Front-line remunerationFront-line remuneration – focusing on what is sold is not enough.  How the employee does the job is at least as important as what the employee does. 

How we incentivise and reward customer-facing staff is pivotal to company culture and customer outcomes.   In many cases, variable remuneration arrangements incentivised behaviour that was adverse to customer interests.

The final report of the Royal Commission into Misconduct in the Banking, Superannuation and Financial Services Industry issued in February 2019 made several interesting findings and recommendations.

1. Board involvement

For banks, board involvement in front line remuneration is not a novel concept.  Boards and CEOs should visibly and effectively oversee the implementation of these recommendations.  This they should do for at least the next five years, and report publicly on how retail staff are remunerated and how their performance is assessed.

2. Commissions and product-based payments

As regards product sales commissions and product-based payments in retail banking in Australia, the following recommendations about remuneration structures for retail bank staff were made.  See the Sedgwick Report issued in 2017 which concluded that:

  • banks remove variable reward payments and campaign-related incentives that are directly linked to sales;
  • eligibility to receive any variable reward payment should be based on an overall assessment against a range of factors.  These should reflect the breadth of the responsibilities of each role; and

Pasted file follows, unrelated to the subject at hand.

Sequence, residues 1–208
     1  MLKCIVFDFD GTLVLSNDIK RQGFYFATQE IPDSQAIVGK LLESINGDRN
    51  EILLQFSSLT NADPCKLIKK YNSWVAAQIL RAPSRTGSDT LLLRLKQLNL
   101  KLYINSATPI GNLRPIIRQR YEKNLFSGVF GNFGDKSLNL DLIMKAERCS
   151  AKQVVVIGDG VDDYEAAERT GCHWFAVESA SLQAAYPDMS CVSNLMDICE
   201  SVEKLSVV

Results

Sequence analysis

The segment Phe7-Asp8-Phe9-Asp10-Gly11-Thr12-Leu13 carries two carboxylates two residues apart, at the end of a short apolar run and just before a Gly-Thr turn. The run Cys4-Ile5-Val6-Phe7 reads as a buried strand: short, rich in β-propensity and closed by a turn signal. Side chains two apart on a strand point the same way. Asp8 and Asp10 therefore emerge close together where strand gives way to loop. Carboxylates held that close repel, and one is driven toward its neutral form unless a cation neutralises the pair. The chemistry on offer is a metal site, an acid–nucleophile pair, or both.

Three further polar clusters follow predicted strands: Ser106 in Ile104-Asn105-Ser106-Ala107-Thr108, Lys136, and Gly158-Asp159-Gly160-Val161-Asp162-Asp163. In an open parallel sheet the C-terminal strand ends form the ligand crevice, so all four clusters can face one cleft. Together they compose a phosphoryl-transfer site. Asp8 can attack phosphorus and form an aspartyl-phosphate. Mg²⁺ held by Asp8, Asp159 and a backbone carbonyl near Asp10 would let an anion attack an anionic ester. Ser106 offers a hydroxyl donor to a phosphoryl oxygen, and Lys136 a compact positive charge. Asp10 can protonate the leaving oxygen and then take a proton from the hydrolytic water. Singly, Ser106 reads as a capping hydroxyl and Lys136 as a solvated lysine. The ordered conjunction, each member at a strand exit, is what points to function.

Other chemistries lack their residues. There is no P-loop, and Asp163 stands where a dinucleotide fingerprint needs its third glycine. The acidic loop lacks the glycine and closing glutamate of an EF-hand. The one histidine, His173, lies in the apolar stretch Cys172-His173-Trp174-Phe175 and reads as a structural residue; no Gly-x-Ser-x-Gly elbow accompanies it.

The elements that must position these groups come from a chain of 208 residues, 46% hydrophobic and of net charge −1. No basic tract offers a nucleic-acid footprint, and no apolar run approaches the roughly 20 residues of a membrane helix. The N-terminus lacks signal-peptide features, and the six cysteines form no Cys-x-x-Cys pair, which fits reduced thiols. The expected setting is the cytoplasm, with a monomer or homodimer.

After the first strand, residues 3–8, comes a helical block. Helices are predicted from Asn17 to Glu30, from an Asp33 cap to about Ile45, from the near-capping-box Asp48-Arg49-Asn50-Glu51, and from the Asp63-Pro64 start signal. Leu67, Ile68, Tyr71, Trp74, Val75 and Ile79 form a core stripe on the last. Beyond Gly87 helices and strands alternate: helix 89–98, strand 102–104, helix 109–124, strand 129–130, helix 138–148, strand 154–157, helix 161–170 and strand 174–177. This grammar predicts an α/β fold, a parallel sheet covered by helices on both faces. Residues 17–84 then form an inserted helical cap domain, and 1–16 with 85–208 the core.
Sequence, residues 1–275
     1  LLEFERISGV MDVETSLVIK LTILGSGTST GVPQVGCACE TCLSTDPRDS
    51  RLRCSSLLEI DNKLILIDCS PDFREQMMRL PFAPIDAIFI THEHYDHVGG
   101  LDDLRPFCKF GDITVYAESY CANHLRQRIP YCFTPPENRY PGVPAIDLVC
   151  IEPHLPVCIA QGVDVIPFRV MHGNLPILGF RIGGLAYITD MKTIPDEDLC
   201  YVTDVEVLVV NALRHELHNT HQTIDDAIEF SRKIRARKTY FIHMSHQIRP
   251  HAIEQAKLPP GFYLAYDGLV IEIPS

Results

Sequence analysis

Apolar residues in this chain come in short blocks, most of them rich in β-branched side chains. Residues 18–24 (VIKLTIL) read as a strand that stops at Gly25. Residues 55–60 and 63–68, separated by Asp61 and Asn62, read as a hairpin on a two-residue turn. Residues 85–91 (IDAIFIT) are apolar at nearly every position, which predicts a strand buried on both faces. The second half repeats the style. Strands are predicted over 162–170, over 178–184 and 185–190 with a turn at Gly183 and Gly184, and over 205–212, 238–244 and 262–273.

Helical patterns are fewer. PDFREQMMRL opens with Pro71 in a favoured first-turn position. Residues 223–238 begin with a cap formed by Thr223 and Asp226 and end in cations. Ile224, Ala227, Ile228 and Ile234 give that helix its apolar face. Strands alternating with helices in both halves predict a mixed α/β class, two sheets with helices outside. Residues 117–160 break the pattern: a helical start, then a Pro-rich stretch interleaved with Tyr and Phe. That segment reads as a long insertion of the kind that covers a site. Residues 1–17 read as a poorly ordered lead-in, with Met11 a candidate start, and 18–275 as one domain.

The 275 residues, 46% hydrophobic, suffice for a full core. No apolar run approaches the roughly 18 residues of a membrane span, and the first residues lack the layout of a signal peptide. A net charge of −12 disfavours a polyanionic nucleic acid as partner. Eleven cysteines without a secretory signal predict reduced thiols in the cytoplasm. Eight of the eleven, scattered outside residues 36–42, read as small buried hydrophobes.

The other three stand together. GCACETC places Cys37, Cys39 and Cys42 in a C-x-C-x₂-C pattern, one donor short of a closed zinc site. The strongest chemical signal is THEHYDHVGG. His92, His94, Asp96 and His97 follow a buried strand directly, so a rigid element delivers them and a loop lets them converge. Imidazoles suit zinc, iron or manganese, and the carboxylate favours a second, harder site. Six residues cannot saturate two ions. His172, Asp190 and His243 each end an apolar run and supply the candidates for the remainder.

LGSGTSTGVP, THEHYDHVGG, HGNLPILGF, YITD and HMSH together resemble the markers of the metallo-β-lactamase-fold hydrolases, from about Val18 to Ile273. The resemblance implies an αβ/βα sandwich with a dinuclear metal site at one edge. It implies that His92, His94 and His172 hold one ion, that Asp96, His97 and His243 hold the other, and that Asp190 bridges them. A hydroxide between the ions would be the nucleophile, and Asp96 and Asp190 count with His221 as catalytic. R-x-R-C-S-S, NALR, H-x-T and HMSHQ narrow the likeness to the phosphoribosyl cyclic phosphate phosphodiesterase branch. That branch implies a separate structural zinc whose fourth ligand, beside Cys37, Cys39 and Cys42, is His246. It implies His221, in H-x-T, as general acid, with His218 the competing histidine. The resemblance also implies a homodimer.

• variable reward payments should ultimately amount to a relatively small proportion of fixed pay.

3. Cultural ecosystem

It must be acknowledged that remuneration is not the only lever available to influence culture. Remuneration policy and practices sit within a broader cultural ecosystem that includes other people-focused processes, general governance policies and risk controls.

4. Incentivising customer-facing staff

Decide, document and communicate upfront the matters that will be taken into account.  These could include alignment of behaviours to codes of conduct and company values and taking initiatives and owning outcomes – and who is accountable for decisions.

Consider how any metrics used to determine variable remuneration outcomes are chosen.

  • A common customer-focused metric is linked to a company’s Net Promoter Score (NPS).  This is a customer satisfaction metric that measures a customers’ willingness to return for another service as well as to make a recommendation to their family, friends or colleagues.
  • A more nuanced metric, which looks at outcomes rather than just satisfaction, may be appropriate for some companies. For example, in the context of retail banking, one of the Sedgwick recommendations was that “all customer measures should be genuinely customer-centric and tailored to the role being assessed, and progressively reflect a focus on customer outcomes not just customer loyalty/satisfaction”.

Unlike executive remuneration, which is and remains at the forefront of investor and media attention for some decades, front-line remuneration was seldom seen or heard of, even here in South Africa.  We should also move forward on front-line remuneration – focusing on what is sold is simply not enough.

A PDF version of this article is available here.